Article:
Telecom companies, activists and government grapple over proliferation of mobile towers
Three cases challenging proliferation of mobile towers to come up in Bombay HC while in Delhi, telcos complain MCD has sealed about 200 towers in last two months.
In some ways, these events, across two cities, exemplify the rough fortnight that telecom companies in India have endured. Last week, the entire cabinet along with Prime Minister Narendra Modi backed the telecom department’s decision to impose punitive measures on ‘erring telcos’ on the issue of persistent call drops.
DEALING WITH SEALING
The telecom companies contend that they aren’t entirely esponsible for calls drops. They attribute limited spectrum availability, an unjustified fear in the minds of the public about the health hazards from mobile towers and overzealous regulation from local governments as causes for poor connectivity. "Municipalities and local governments have started treating us cash generating avenues for business and this is one reason why they start sealing towers between January and March quarter, right before the closing of the financial year," said BS Shantharaju, who heads the country’s largest telecom tower company, IndusTowers, a joint venture between Airtel, Idea and Vodafone.
In a recent letter, six top telecom executives – including CEOs of Bharti Airtel, Vodafone India, Idea Cellular, Reliance Communications, Reliance Communications & Sistema Shyam -- have asserted that rampant mobile tower sealing has a direct impact on call drops. The MCD, they wrote, "sealed 16 cell sites n Delhi in the last two days," adding that with "every 40 sites sealed, there is an average 20 per cent increase in call drops".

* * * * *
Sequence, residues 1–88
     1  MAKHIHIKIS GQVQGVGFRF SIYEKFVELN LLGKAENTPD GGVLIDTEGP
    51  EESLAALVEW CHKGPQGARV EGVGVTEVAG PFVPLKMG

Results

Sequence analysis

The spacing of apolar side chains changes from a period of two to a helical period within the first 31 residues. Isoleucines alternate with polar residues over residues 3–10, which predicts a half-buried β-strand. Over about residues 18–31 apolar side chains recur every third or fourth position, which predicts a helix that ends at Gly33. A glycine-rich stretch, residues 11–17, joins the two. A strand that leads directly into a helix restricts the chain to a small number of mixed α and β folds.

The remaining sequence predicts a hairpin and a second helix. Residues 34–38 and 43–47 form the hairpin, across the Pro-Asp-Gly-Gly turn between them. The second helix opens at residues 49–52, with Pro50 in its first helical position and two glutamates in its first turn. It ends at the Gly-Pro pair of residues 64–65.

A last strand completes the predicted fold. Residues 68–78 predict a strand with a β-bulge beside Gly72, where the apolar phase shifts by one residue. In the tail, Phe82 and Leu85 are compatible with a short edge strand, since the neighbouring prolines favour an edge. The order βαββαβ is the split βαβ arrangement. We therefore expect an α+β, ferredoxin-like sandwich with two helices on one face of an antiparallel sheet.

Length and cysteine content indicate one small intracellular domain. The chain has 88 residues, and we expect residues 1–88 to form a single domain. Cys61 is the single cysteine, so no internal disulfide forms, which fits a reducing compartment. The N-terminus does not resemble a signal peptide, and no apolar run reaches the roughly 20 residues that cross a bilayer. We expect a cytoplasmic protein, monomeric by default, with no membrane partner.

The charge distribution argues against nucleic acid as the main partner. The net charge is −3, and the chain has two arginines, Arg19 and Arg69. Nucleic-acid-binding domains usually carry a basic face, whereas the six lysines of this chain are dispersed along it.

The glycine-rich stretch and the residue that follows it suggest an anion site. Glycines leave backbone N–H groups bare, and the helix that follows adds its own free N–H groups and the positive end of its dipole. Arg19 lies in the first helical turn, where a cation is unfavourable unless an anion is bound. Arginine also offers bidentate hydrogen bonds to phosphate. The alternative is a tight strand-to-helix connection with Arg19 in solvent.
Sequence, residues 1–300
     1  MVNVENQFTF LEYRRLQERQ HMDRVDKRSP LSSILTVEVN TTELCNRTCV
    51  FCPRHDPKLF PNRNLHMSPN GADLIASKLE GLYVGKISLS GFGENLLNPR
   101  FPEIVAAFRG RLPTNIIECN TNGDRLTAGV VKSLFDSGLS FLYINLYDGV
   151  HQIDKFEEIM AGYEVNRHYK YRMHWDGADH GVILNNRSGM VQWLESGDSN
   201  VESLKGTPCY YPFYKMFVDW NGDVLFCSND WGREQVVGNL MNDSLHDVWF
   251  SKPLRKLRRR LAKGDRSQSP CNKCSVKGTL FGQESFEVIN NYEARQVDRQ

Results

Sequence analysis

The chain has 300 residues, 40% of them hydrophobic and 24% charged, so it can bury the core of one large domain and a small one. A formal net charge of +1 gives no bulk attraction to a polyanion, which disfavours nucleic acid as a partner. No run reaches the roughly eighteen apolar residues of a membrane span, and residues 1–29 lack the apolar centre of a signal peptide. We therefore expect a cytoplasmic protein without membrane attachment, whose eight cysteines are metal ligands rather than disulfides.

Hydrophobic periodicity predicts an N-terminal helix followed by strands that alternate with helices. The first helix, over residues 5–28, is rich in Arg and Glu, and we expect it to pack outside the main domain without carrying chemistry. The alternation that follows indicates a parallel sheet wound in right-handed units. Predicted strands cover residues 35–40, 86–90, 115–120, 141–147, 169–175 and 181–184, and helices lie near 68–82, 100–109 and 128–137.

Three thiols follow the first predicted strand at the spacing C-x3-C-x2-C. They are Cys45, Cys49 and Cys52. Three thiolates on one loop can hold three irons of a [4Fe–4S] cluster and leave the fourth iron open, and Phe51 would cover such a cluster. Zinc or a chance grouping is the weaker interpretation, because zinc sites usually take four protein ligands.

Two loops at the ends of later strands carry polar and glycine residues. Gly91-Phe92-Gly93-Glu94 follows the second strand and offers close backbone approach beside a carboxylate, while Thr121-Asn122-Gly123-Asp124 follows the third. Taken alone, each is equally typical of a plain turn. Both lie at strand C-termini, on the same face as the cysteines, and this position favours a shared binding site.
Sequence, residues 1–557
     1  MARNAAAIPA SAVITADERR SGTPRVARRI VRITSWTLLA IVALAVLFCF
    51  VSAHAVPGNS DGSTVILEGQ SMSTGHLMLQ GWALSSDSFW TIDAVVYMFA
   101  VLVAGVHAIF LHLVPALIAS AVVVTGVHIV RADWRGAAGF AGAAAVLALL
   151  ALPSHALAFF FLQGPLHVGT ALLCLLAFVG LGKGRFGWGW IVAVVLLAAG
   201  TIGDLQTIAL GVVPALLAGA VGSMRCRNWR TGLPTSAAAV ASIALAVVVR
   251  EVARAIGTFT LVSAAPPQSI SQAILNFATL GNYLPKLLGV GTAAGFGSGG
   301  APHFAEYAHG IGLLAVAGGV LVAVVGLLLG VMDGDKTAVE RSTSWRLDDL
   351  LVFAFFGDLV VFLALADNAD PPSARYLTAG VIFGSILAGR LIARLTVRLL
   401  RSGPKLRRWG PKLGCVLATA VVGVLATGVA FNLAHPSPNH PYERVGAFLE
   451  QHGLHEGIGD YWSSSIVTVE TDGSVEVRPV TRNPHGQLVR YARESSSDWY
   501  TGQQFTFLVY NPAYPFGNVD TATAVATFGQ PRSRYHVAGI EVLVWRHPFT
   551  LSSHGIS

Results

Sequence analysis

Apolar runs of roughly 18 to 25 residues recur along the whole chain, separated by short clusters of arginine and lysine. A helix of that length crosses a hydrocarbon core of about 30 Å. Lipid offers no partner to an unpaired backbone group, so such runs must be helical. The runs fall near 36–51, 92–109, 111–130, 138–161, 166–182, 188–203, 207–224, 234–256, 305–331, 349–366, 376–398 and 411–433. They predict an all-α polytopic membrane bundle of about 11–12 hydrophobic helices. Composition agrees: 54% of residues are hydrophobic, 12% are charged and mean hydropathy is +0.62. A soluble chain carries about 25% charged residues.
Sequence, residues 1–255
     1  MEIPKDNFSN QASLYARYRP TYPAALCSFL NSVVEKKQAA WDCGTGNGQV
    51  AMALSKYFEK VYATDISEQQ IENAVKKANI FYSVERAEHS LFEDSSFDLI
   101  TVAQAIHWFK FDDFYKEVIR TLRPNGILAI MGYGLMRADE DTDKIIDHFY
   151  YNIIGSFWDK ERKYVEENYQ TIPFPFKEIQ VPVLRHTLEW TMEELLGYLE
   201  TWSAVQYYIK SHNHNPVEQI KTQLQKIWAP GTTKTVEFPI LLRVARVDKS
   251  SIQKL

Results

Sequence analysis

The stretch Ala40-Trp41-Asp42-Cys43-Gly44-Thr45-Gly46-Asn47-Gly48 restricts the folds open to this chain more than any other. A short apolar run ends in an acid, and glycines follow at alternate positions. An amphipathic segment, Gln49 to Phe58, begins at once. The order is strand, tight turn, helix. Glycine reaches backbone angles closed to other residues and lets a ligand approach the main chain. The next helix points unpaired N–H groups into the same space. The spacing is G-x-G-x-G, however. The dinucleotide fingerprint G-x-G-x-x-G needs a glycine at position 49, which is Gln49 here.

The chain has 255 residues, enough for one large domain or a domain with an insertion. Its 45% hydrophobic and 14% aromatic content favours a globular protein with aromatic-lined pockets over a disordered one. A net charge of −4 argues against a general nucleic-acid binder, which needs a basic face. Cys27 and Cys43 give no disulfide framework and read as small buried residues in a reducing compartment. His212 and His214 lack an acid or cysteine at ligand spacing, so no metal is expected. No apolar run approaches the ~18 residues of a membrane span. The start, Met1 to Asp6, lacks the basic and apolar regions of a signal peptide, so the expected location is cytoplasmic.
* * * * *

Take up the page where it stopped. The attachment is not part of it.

Last month, the MCD had sealed as many as 70 sites in the capital.
Call drops are also a factor of low spectrum availability, argue telcos. "Firstly, we are starved of spectrum; India has the lowest airwaves per unit population compared to anywhere in the world," says an official with industry body COAI, who did not want to be identified.
Secondly, tower companies and telecom operators also argue that they are finding it difficult to service more and more customers with their limited spectrum, even as erecting more towers is becoming increasingly difficult.
THE PROFIT MOTIVE
The telecom department however says that telcos aren’t doing enough to fix call drops. "We found that there were about four reasons for this increasing problem (of call drops) in the country and at least three of these can be addressed by operators," telecom secretary Rakesh Garg told ET earlier. According to an internal audit by the telecom department, operators weren’t spending enough money on network optimization. Such optimization will dent bottom lines but address call drops.
"If they increase their spending on network optimization, it will improve the situation by as much as 30 per cent," Garg said. Interestingly, the audit also found that telecom companies were diverting bandwidth to high revenue yielding data services at the cost of voice services. This despite telecom minister Ravi Shankar Prasad insisting that the government has instructed operators to give preference to voice over data services. The audit also revealed that operators are using spectrum meant for voice services to provide the lucrative 4G services. "Operators are now keeping chunks of their 1800 Mhz spectrum for 4G services and not investing in the infrastructure for 2G/voice services," said Garg. The 1800 Mhz band is the traditional GSM band for deploying voice services but is now increasingly being used worldwide for 4G technology.